Study Shows How Zika Virus Infects the Placenta

A new study shows how Zika virus infects the placenta and gets passed through to the fetuses. Scientists have discovered that the deadly virus can infect and imitate immune cells found in the placenta. The clinical research can shed light on how Zika gets transferred from an infected pregnant woman to the developing brain cells of her unborn.

'Study Shows How Zika Virus Infects the Placenta"

Hofbauer cells were believed to be less sensitive to invasions than other types of immune cells.

The study showing how Zika virus infects the placenta was conducted by Mehul Suthar, Ph.D., at Emory University School of Medicine. The research was conducted on full-term placentae obtained from non-infected volunteers who delivered the babies by C-section. The virus strain used in the study came from Puerto Rico, and it is similar to the one currently circulating in Brazil.

Suthar and his team of researchers discovered that the virus can infect placental macrophages (Hofbauer cells) in cell culture. Hofbauer cells were believed to be less sensitive to invasions than other types of immune cells. However, researchers found signs of inflammatory and antiviral responses in placental macrophages. The discovery raised questions whether receptor allowed the virus to enter the cells or did they change their immune status over time.

Zika can also infect cytotrophoblasts, which are another type of placental cells, but with a few days delay. The syncytiotrophoblasts, however, are resistant to the infection.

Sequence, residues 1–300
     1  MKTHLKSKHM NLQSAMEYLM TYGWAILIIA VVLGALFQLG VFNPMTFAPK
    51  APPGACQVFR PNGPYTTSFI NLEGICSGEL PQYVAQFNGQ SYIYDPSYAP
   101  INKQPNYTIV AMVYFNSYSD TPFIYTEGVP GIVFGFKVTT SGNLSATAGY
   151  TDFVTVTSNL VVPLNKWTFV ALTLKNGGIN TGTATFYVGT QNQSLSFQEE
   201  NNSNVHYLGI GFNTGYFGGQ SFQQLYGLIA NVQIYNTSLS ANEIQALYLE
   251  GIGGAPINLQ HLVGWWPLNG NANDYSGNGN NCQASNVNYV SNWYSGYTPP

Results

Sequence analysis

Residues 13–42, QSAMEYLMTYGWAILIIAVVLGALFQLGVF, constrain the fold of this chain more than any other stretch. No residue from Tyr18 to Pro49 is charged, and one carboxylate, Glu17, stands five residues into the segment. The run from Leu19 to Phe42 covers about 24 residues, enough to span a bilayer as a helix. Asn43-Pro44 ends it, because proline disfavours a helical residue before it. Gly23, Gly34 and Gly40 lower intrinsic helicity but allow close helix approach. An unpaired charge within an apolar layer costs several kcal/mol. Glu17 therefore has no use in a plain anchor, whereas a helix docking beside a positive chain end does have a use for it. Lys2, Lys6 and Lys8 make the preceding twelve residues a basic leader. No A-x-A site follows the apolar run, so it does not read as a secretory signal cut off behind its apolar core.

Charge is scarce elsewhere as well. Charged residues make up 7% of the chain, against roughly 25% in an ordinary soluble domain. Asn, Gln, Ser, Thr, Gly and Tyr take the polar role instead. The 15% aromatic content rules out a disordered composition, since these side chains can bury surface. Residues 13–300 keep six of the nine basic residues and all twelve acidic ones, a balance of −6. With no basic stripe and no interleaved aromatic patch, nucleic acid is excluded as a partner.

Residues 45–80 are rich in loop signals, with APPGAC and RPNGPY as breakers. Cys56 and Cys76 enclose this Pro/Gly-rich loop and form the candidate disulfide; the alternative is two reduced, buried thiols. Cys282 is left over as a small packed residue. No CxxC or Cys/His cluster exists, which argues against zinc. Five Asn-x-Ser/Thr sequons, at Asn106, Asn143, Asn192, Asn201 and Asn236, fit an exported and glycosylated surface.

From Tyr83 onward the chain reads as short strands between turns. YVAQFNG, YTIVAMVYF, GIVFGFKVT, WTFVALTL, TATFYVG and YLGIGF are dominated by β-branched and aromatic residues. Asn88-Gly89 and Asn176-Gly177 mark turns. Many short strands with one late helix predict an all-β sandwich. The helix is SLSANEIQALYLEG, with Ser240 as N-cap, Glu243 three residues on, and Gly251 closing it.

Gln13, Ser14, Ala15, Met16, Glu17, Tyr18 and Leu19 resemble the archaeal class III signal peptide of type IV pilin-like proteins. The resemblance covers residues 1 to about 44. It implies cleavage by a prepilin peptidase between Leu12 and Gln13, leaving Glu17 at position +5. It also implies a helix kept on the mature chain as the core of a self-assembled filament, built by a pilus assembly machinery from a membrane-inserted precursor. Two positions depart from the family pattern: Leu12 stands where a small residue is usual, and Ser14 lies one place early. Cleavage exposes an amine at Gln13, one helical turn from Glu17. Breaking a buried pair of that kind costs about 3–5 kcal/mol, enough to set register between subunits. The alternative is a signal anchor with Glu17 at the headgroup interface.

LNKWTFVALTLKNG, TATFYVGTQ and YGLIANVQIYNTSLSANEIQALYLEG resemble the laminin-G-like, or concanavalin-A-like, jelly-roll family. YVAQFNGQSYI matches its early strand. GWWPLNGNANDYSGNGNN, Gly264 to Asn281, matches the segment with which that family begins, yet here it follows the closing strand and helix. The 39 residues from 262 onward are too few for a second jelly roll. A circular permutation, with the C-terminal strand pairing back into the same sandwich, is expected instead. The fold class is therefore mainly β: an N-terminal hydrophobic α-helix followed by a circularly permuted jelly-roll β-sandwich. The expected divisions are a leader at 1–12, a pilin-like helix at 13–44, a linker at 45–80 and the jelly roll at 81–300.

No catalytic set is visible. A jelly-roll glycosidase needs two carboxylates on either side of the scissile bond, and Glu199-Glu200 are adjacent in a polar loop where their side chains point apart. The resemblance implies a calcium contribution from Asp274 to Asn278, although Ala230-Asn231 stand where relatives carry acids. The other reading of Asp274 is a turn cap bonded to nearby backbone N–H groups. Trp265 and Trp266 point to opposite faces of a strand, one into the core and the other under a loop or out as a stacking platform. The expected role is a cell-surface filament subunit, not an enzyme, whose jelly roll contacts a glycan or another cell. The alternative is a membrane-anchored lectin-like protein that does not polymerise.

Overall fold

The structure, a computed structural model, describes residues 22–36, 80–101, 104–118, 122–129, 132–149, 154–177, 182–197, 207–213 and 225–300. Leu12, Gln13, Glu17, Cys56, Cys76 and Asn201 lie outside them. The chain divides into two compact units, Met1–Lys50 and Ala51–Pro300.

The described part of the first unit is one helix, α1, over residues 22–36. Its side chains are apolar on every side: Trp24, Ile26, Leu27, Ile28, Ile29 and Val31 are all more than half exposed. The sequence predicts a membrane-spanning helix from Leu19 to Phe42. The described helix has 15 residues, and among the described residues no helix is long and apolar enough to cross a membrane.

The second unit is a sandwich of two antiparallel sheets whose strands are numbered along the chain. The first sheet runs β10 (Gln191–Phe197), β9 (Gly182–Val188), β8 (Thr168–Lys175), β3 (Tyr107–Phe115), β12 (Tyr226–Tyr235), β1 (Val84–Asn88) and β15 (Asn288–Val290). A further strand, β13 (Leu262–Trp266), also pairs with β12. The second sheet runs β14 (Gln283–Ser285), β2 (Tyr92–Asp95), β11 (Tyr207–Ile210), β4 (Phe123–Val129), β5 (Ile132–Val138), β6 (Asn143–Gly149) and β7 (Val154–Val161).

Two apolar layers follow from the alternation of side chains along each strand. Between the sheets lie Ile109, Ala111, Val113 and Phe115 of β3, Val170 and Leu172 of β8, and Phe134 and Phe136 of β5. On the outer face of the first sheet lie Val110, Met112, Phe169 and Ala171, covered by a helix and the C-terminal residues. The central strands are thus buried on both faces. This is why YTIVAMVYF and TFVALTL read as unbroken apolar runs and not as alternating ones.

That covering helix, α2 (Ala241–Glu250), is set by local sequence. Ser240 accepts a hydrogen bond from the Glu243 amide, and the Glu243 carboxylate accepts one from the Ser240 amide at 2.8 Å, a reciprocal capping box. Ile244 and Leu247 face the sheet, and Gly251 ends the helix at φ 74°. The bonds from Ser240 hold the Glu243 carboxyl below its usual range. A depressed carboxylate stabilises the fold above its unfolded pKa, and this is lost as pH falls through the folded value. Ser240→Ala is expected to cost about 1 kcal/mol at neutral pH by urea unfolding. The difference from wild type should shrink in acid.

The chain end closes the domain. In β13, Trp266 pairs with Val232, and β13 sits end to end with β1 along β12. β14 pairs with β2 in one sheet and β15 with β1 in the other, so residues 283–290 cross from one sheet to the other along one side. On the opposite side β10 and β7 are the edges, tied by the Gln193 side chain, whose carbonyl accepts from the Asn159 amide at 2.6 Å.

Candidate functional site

The study can lead to a better understanding as to why the first and second trimesters of pregnancy show the highest risk for infection.

Other viruses related to Zika, such as West Nile virus, dengue virus, and yellow fever virus, rarely transmit the disease from the mother to the fetus. It is believed to be because of the placenta’s protective role, separating the circulatory systems of the mothers and the fetuses.

Zika, however, might be unique in its ability to cross the placental barrier.

The findings also proved that not all pregnant women infected by Zika give birth to babies with defects caused by the deadly virus. A number of genetic and non-viral factors can influence infectivity. It is crucial to understand these factors because they might help in the development of more-effective treatments and preventive measures against the mosquito-borne virus.

The findings of the study demonstrating how Zika virus infects the placenta were published on May 27 in Cell Host & Microbe journal.

IMAGE SOURCEsbs.com.au

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